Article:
Burtwell v. Miller et al
MEMORANDUM OPINION. Signed by Judge George Levi Russell, III on 7/17/2017. (c/m 7/18/2017)(ko, Deputy Clerk)
IN THE UNITED STATES DISTRICT COURT
FOR THE DISTRICT OF MARYLAND
* Civil Action No. GLR-16-2973
WARDEN RICHARD MILLER, et al.,
THIS MATTER is before the Court on Petitoner Maurice Burtwell’s habeas corpus
petition under 28 U.S.C. § 2254. The Petition is ripe for disposition and no hearing is necessary.
See Rule 8(a), Rules Governing Section 2254 Cases in the United States District Courts; Local
Rule 105.6 (D. Md. 2016). For the reasons outlined below, the petition will be denied and
dismissed with prejudice.
On August 27, 2002, Burtwell pled guilty to second-degree murder and use of a handgun
in the commission of a felony in the Circuit Court for Baltimore City, Maryland. (ECF No. 5-1,
at 5). The Circuit Court sentenced him to a total term of incarceration of 35 years. Id. He did
not seek leave to appeal. As such, his judgment became final for direct appeal purposes on
September 26, 2002. See Md. Code Ann., Cts. & Jud. Proc. § 12-302(e)(2) (review of judgment
following a guilty plea “shall be sought by application for leave to appeal”); Md. Rule 8-204
(application for leave to appeal shall be “filed within 30 days after entry of the judgment or order
from which the appeal is sought.”)
Burtwell sought to withdraw his guilty plea on April 20, 2003. (ECF No. 5-1). The
motion was denied on May 29, 2003. (Id.). On October 17, 2003, Burtwell submitted a
collateral attack on his conviction by filing a petition for post conviction relief. (Id.). The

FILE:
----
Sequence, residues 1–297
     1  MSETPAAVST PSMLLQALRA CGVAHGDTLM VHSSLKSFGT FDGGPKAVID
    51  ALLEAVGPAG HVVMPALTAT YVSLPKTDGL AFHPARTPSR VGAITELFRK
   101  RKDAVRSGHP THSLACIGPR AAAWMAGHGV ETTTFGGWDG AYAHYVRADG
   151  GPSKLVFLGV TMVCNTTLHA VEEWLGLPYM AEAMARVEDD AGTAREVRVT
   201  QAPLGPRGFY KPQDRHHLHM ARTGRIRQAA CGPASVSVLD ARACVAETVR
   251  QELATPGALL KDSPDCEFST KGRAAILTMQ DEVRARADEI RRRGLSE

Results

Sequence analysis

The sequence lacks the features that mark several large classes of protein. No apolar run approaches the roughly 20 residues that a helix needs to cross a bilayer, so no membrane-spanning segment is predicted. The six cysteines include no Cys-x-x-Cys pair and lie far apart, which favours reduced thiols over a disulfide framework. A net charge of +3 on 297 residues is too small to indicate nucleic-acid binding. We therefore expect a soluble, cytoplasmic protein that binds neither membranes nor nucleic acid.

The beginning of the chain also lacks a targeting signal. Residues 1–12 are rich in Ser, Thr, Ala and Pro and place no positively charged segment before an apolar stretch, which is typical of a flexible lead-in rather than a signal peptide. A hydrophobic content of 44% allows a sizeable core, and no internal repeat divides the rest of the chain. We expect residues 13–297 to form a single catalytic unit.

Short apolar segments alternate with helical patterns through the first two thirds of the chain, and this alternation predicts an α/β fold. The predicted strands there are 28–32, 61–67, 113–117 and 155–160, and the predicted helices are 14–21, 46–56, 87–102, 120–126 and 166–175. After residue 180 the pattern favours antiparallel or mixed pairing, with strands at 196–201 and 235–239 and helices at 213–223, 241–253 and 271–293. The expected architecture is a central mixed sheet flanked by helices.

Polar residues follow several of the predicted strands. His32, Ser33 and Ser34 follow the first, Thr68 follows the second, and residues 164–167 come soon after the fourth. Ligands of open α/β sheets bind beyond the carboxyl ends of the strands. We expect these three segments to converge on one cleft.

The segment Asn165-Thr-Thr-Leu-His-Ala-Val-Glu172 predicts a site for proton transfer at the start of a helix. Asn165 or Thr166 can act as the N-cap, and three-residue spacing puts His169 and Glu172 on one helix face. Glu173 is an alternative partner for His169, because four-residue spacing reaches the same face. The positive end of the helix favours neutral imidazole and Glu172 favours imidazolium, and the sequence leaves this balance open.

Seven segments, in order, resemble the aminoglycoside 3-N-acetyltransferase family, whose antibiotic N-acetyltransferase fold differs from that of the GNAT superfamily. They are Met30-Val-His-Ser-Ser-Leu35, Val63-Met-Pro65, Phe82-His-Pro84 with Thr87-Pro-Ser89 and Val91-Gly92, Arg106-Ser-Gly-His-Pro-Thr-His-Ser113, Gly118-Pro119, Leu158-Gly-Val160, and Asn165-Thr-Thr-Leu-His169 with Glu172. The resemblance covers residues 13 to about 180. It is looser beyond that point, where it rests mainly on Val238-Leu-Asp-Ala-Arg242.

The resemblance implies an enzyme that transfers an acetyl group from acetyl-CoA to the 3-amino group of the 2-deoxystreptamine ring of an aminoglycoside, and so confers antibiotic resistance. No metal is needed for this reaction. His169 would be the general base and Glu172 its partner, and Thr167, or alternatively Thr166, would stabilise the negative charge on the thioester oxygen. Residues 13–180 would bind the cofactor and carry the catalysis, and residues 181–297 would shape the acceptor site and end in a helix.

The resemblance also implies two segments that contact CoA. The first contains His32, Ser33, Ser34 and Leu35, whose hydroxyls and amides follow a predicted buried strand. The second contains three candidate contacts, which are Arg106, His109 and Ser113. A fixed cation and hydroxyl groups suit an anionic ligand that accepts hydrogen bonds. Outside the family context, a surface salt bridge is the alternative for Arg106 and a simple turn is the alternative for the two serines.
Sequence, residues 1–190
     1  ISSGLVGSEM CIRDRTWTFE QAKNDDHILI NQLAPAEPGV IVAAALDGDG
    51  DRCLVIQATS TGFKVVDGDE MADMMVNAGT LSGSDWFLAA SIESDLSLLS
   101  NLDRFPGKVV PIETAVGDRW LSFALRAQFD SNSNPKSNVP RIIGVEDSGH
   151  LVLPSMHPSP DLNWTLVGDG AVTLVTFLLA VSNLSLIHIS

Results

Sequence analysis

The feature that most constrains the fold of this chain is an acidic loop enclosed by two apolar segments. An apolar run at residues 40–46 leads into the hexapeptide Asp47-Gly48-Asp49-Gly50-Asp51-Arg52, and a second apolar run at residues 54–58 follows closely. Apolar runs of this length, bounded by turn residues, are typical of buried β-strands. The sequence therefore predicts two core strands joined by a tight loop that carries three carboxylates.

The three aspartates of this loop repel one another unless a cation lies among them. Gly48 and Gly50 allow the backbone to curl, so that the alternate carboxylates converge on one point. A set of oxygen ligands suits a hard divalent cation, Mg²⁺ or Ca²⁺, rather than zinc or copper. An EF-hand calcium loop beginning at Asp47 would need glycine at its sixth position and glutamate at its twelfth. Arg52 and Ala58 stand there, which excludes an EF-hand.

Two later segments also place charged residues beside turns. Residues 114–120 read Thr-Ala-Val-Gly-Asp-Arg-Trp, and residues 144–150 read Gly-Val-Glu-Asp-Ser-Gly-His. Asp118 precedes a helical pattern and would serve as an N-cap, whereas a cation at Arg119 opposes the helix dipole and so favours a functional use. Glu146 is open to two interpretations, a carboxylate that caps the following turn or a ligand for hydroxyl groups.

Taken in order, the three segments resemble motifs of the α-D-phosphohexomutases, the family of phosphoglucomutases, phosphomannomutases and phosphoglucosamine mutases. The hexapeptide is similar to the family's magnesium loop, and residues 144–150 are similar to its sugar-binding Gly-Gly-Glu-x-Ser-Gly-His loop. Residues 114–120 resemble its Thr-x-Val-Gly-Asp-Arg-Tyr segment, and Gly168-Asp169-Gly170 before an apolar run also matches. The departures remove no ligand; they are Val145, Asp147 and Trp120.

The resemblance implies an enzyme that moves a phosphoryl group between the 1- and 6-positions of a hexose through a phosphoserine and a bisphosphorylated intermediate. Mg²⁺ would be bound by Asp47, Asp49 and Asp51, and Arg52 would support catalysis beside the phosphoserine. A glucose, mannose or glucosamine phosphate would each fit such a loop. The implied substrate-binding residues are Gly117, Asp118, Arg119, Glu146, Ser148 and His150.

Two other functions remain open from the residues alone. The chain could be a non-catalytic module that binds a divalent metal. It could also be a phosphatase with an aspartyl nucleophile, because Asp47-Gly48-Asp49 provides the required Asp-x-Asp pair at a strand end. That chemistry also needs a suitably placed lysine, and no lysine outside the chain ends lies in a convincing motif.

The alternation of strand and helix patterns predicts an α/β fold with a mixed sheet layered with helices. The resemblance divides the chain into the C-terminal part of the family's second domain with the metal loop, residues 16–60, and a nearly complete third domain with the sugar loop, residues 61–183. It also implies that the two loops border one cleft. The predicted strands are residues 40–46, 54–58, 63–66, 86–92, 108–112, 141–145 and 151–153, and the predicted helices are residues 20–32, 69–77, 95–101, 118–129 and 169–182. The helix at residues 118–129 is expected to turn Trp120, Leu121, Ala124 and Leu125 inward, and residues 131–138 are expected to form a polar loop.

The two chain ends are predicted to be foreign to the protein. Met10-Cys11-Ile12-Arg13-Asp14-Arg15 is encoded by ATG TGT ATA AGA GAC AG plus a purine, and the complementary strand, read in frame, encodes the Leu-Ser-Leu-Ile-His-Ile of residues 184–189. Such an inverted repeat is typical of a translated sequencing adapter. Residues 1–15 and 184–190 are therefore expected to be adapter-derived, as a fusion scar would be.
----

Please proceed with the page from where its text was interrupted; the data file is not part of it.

Petition was denied on January 6, 2005. (Id. at 6). The Court of Special Appeals of Maryland
denied Burtwell’s application for leave to appeal the denial of post-conviction relief on August
10, 2005, with the court’s mandate issuing on September 13, 2005. (ECF No. 5-2).
Burtwell’s motion to reopen post-conviction proceedings filed on February 25, 2015, was
denied on March 10, 2015. (ECF No. 5-1 at 7–8; ECF No. 5-3). The Court of Special Appeals
denied Burtwell’s application for leave to appeal the denial on September 17, 2015. (ECF No. 51 at 8; ECF No. 5-3). The court’s mandate issued on October 19, 2015. Id. On August 8, 2016,
Burtwell filed the instant 28 U.S.C. § 2254 habeas corpus petition attacking his 2002 convictions
for second-degree murder and use of a handgun in the commission of a felony entered in the
Circuit Court for Baltimore City.1 (ECF No. 1). Respondents filed an Answer which solely
addresses the timeliness of the petition. (ECF No. 5). Burtwell filed a Reply. (ECF No. 7).
Title 28 U.S.C. § 2244(d)2 provides a one-year statute of limitations in non-capital cases
The petition, received on August 25, 2016, is dated August 8, 2016, and is deemed filed
on that date. The “mail box rule” applies to prisoner § 2254 motions. Houston v. Lack, 487 U.S.
266 (1988). An inmate’s petition is timely if deposited in the prison’s internal mailing system on
or before the last day for filing. Rule 3(d) Rules Governing Section 2254 Proceedings.
This section provides:
A 1-year period of limitation shall apply to an application
for a writ of habeas corpus by a person in custody pursuant to the
judgment of a State court. The limitation period shall run from the
the date on which the judgment became final by the
for those convicted in a state case. This one-year period is, however, tolled while properly filed
post-conviction proceedings are pending and may otherwise be equitably tolled. See 28 U.S.C.
§ 2244(d)(2); Harris v. Hutchinson, 209 F.3d 325, 328 (4th Cir. 2000); Gray v. Waters, 26 F.
Supp. 771, 771–72 (D.Md. 1998).
The statute of limitations began to run in Burtwell’s case on September 25, 2002, when
the time for filing an application for leave to appeal concluded. Burtwell had no properly filed
collateral proceedings pending until April 20, 2003, (207 days) when he moved to withdraw his
guilty plea. That motion was denied on May 29, 2003, and the limitations period resumed.
Burtwell initiated state post-conviction proceedings 141 days later, on October 21, 2003. Those
proceedings concluded on September 13, 2005, and Burtwell waited nearly nine years before
moving to reopen the post-conviction proceedings. During that nine-year period no proceedings
were pending which would serve to toll the limitations period. The application for leave to